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Juvenile Lawyer in New Braunfels, Texas, Representing Minors Facing Criminal Charges

If a minor is charged with a criminal offense in Texas, they may often believe that a juvenile offense is not a serious problem and that the record of the offense eventually goes away. However, even a minor conviction in a juvenile court is not to be taken lightly, as it can impact the future of a child for years to come. Learn how the state of Texas courts handle juvenile crimes and why it is imperative to seek the help of a skilled juvenile lawyer to protect the rights of a child accused of a criminal offense.

Who Is Considered a Juvenile in Texas?

In Texas, an individual is considered a juvenile and can be charged with an offense in juvenile court if they are at least ten years old. When a minor turns 17 years old, they are considered an adult and will be prosecuted in an adult court if they commit a criminal offense. Anyone who is 17 or older and commits an offense is no longer considered a juvenile, and their case will likely be handled by an adult criminal court.

The main difference between the juvenile court system and the adult court system is that it focuses on rehabilitation. If a juvenile is convicted of a crime, they may still receive a variety of penalties, but the goal of such penalties is to teach the child a lesson and prevent the child from engaging in similar behavior in the future. In addition, juveniles have the same rights in court as adults, including the right to have an attorney and the right to defend oneself against self-incrimination. In juvenile courts, a jury may decide whether the child committed the crime or not. Rather than finding the minor “guilty” or “not guilty,” the jury decides if the charges against the child are “true” or “not true.”

What Is the Difference Between CINS and Delinquent Conduct?

CINS stands for Conduct Indicating a Need for Supervision. It is considered the least serious type of juvenile offense, corresponding to the type of offense that would not cause an adult to go to jail and may simply result in a fine, with the exception of traffic offenses. Problematic behaviors that may be considered CINS may include truancy (missing school), running away from home, sexting, inhaling or “huffing” chemical substances such as glue or paint, and being expelled from school. A juvenile charged with CINS may be sentenced to probation or required to attend a behavioral or substance abuse rehabilitation program but cannot be detained at a juvenile facility.

On the other hand, if a juvenile has engaged in more than just problematic behaviors and has violated federal or state law, they may be charged with delinquent conduct. If the same crime was committed by an adult, it could result in a Class B misdemeanor or even a felony with possible jail time. Delinquent conduct includes more serious offenses such as DWIs, sexual offenses, intoxicated assault, and intoxicated manslaughter. Sentences for delinquent conduct may include probation and the requirement of going through a diversion program. For more serious offenses, the juvenile may be sentenced to detention at the Texas Juvenile Justice Department (TJJD).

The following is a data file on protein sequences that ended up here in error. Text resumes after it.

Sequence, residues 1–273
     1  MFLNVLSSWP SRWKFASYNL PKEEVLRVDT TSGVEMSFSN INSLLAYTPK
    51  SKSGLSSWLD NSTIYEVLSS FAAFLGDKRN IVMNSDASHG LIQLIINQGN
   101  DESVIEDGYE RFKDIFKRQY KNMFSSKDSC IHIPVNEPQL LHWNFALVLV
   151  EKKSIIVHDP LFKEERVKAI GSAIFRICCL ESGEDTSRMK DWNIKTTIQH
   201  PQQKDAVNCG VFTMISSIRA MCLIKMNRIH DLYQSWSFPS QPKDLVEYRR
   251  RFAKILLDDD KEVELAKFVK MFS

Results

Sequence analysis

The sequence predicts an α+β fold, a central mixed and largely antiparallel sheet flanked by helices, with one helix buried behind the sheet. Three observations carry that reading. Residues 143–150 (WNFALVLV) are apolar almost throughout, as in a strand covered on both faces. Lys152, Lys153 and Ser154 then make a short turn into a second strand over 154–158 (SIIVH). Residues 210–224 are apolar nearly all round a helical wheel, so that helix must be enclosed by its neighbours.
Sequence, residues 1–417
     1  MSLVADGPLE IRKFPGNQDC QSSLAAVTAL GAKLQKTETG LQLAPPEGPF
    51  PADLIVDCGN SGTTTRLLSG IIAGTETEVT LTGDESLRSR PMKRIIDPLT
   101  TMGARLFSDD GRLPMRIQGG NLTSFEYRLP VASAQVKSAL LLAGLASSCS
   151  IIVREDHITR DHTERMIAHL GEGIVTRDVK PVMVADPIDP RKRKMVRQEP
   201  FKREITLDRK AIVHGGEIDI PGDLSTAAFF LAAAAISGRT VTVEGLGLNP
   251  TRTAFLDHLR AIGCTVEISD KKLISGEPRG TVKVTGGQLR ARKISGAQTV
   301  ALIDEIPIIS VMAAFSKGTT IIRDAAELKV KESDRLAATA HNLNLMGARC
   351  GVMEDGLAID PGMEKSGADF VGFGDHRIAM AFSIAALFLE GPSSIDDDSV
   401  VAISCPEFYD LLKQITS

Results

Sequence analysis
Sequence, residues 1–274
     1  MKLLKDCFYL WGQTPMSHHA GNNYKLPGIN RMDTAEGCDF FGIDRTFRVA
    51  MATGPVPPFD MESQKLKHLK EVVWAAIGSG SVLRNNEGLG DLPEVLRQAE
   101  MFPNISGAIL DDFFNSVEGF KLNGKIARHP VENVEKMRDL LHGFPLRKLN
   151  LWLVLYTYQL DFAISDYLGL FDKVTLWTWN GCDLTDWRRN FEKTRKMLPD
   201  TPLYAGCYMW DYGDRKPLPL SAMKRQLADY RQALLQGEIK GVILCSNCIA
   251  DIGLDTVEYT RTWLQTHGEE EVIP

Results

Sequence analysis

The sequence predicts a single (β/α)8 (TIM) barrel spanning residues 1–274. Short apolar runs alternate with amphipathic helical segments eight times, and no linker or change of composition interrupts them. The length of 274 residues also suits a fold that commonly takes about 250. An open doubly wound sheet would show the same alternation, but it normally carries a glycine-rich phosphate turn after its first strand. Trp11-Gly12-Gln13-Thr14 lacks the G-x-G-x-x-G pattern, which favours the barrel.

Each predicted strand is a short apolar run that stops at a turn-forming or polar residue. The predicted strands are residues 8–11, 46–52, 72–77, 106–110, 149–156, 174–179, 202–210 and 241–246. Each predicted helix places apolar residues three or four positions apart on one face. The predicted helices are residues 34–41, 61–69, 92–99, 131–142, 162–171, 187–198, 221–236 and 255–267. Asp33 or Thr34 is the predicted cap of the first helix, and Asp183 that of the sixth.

What Are Some Common Juvenile Offenses in Texas?

There are a variety of behaviors and criminal offenses that may lead a minor to face charges in a juvenile court, such as truancy, drug or marijuana-related crimes, traffic offenses, violent crimes, theft and property crimes, and juvenile sex crimes. If your child is being charged with a juvenile offense, reach out to a juvenile criminal defense attorney as soon as possible.

As explained above, truancy is when a minor has ten or more unexcused absences from school. This can lead to juvenile charges and criminal charges for the parents. Drug crimes can range from simply possessing a small amount of drugs or marijuana to being charged with drug trafficking after being found in possession of large amounts of illicit substances. If a juvenile commits theft and steals low-value items, they may be able to avoid more serious penalties, but repeat offenders or those who steal high-value items may be subject to detention. Minors who engage in unlawful behavior, such as sex crimes or intoxicated manslaughter, may also be facing serious penalties and could be transferred to the adult penal system once their juvenile sentence portion is completed.

Why Is It Crucial to Hire a Criminal Defense Attorney for a Juvenile Case?

It is not uncommon for juveniles to be sentenced to excessively harsh penalties after committing a juvenile criminal offense. By working with an attorney as soon as you know your child may be arrested, you will increase the chances of your child avoiding harsh penalties. In some cases, an attorney may be able to present evidence that weakens the state’s case against your child, which may result in the charges being dropped altogether.

Each case is unique, but it is important to treat a juvenile case seriously as it will stay on your child’s record and potentially limit their future chances to secure scholarships, employment, and other crucial opportunities for their career. Seymour & Vaughn has represented countless juvenile clients charged with criminal offenses in New Braunfels, Texas, and surrounding areas. Our legal team is dedicated to protecting the constitutional rights of each and every client and fighting for a positive outcome, no matter how serious their charges may be. Contact to our law firm by calling 830-282-8751 and requesting a free consultation to discuss your case and see how we can help you.